Originally scheduled to begin in October, the disciplinary hearing for a Toronto sergeant facing charges in connection to the 2016 arrest — then release — of serial killer Bruce McArthur has been delayed.
Sgt. Paul Gauthier is facing two counts of professional misconduct under Ontario’s Police Services Act, both stemming from a June 2016 incident involving McArthur, who killed eight men with ties to Toronto’s Gay Village between 2010 and 2017.
Gauthier is alleged to have failed to videotape the interview with a man who called 911 to report that McArthur tried to strangle him — a written statement was taken instead — and failed to have photographs taken within 72 hours of the alleged assault. Both steps are required in the Toronto police domestic violence procedure.
Gauthier denies he did anything wrong.
At a brief hearing at Toronto police headquarters Wednesday, Gauthier’s lawyer, Lawrence Gridin, said delays in communication with the police prosecutor on the case had resulted in unresolved issues — just over six weeks before the hearing was scheduled to begin.
He requested a pre-hearing conference before hearing officer Supt. Riyaz Hussein with prosecutor Alexandra Ciobotaru, which was held Wednesday morning.
Hussein agreed that the move to set hearing dates for the fall was “premature.” Among the issues still yet to be resolved, he said, was whether Gauthier would be in attendance; the officer has not yet appeared at the tribunal due to undisclosed medical issues.
Following the closed-door pre-hearing conference, the trial dates that had been set aside for the hearing in October were vacated, though the case will return to the tribunal on October 21 for an update on progress.
“There’s quite a bit of work for us to do, and we intend to do that in the interim,” Gridin said.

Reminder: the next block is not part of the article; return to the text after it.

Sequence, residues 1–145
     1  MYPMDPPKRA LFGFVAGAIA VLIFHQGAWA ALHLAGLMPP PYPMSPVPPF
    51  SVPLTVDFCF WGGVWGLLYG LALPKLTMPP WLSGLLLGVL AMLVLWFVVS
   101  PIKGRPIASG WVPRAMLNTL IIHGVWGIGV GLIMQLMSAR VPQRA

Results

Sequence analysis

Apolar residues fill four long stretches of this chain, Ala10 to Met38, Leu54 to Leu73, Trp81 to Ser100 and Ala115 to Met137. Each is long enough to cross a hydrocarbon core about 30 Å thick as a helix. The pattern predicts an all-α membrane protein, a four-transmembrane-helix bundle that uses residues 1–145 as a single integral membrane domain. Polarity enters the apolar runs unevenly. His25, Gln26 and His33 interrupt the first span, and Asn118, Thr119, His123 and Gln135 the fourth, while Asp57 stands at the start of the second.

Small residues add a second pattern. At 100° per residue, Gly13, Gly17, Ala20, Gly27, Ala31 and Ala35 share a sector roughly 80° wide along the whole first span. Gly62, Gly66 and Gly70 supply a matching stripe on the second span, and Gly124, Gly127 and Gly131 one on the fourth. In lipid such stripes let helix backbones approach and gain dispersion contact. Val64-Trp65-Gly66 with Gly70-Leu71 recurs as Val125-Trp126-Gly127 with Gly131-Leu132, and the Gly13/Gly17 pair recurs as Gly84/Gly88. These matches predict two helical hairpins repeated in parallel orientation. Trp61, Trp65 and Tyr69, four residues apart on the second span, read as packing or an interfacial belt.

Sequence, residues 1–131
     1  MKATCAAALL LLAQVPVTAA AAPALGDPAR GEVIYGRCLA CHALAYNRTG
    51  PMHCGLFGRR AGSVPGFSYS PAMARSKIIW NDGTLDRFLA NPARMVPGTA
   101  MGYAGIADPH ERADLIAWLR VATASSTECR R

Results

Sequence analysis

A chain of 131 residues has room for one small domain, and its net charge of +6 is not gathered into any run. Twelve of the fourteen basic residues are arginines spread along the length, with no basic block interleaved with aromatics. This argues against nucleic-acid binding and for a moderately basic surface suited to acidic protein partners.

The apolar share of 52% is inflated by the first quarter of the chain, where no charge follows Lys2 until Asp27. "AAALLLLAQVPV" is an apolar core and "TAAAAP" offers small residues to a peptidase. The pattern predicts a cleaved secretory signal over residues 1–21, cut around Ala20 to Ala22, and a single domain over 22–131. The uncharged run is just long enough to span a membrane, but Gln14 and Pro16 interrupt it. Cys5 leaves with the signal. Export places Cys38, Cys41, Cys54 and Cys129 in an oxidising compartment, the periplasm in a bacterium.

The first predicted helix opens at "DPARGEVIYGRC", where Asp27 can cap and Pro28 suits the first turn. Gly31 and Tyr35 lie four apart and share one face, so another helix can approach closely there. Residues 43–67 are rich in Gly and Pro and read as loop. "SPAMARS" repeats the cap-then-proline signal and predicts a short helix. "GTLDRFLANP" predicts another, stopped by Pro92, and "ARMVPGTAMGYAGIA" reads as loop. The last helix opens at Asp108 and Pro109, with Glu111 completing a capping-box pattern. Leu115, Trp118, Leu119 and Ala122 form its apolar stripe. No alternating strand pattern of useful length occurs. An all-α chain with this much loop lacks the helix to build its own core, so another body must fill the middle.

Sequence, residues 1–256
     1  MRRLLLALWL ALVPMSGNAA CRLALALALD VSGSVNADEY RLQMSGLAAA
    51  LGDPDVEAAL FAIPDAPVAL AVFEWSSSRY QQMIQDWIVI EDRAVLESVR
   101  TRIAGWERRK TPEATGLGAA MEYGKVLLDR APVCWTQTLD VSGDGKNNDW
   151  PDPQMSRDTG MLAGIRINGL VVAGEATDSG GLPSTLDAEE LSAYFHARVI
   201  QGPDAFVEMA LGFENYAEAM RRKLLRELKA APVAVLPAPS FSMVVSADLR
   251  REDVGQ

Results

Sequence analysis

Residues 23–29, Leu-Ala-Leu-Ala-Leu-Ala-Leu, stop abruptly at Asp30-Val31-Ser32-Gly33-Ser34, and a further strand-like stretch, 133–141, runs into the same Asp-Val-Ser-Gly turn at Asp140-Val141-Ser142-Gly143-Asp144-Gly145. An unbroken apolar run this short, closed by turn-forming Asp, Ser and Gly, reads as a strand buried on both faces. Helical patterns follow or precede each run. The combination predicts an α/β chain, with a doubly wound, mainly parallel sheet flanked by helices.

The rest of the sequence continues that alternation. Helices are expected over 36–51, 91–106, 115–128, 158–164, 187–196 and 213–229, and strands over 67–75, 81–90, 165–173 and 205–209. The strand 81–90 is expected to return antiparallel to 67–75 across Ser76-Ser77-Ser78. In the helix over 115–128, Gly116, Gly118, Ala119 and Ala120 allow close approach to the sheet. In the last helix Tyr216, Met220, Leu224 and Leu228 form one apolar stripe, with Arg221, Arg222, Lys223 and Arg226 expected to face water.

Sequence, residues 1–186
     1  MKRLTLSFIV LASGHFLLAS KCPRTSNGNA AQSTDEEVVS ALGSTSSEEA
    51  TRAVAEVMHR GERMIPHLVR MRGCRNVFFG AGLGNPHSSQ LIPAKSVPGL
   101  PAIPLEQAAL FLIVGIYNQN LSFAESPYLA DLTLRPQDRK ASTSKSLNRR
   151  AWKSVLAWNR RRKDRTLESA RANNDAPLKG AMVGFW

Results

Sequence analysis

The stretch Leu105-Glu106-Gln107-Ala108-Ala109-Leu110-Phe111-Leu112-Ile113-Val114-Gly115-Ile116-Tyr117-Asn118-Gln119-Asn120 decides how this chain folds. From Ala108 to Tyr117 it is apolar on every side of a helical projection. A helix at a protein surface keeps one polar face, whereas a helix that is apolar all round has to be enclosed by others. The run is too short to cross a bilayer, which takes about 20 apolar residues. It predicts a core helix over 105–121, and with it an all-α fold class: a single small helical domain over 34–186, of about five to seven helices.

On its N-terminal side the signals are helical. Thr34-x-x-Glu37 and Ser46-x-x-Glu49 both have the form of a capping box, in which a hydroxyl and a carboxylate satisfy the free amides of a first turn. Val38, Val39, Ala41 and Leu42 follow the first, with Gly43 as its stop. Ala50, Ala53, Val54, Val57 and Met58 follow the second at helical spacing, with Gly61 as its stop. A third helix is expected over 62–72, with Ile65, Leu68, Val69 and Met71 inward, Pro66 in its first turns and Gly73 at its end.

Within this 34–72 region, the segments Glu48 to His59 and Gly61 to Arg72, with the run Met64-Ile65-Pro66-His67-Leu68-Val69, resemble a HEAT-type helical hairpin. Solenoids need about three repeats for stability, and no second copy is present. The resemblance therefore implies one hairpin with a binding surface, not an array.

On the evening of June 20, 2016, a man called 911 to report that McArthur had attempted to strangle him during an otherwise consensual sexual encounter inside the killer’s van. The man broke free of McArthur’s grasp and called police.
“Someone just tried to strangle me to death,” the man told dispatcher minutes after escaping McArthur’s van, as heard in a 911 call played for the Star in an interview with the man earlier this year.
The now-convicted killer turned himself into police later that night, claiming there had been a misunderstanding and that he’d thought the man wanted it rough. The interview was videotaped.
McArthur was let go the same night with no charges. Gauthier, one of the investigating officers, found McArthur “genuine and credible,” according to police documents.
McArthur had killed six men by that time and went on to kill two more, Selim Esen and Andrew Kinsman.
Police documents state that Gauthier was the domestic violence investigator in charge of the investigation. The Toronto police procedure states that the domestic violence investigator shall ensure “the needs of the victim are met, effective management of the crime scene, including the gathering of evidence and ensure that a (thorough) and comprehensive investigation is conducted.”
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Specifically, it requires that, when possible, police obtain a video statement from the complainant, and that photos are taken of any injuries within 48 to 72 hours of the incident. It’s alleged that Gauthier did neither.
Gauthier has denied the allegations against him. In a letter written to colleagues and obtained by the Star, he says he has been made the fall guy in the wake of criticism over Toronto police’s handling of the McArthur investigation, and that a proper investigation was done.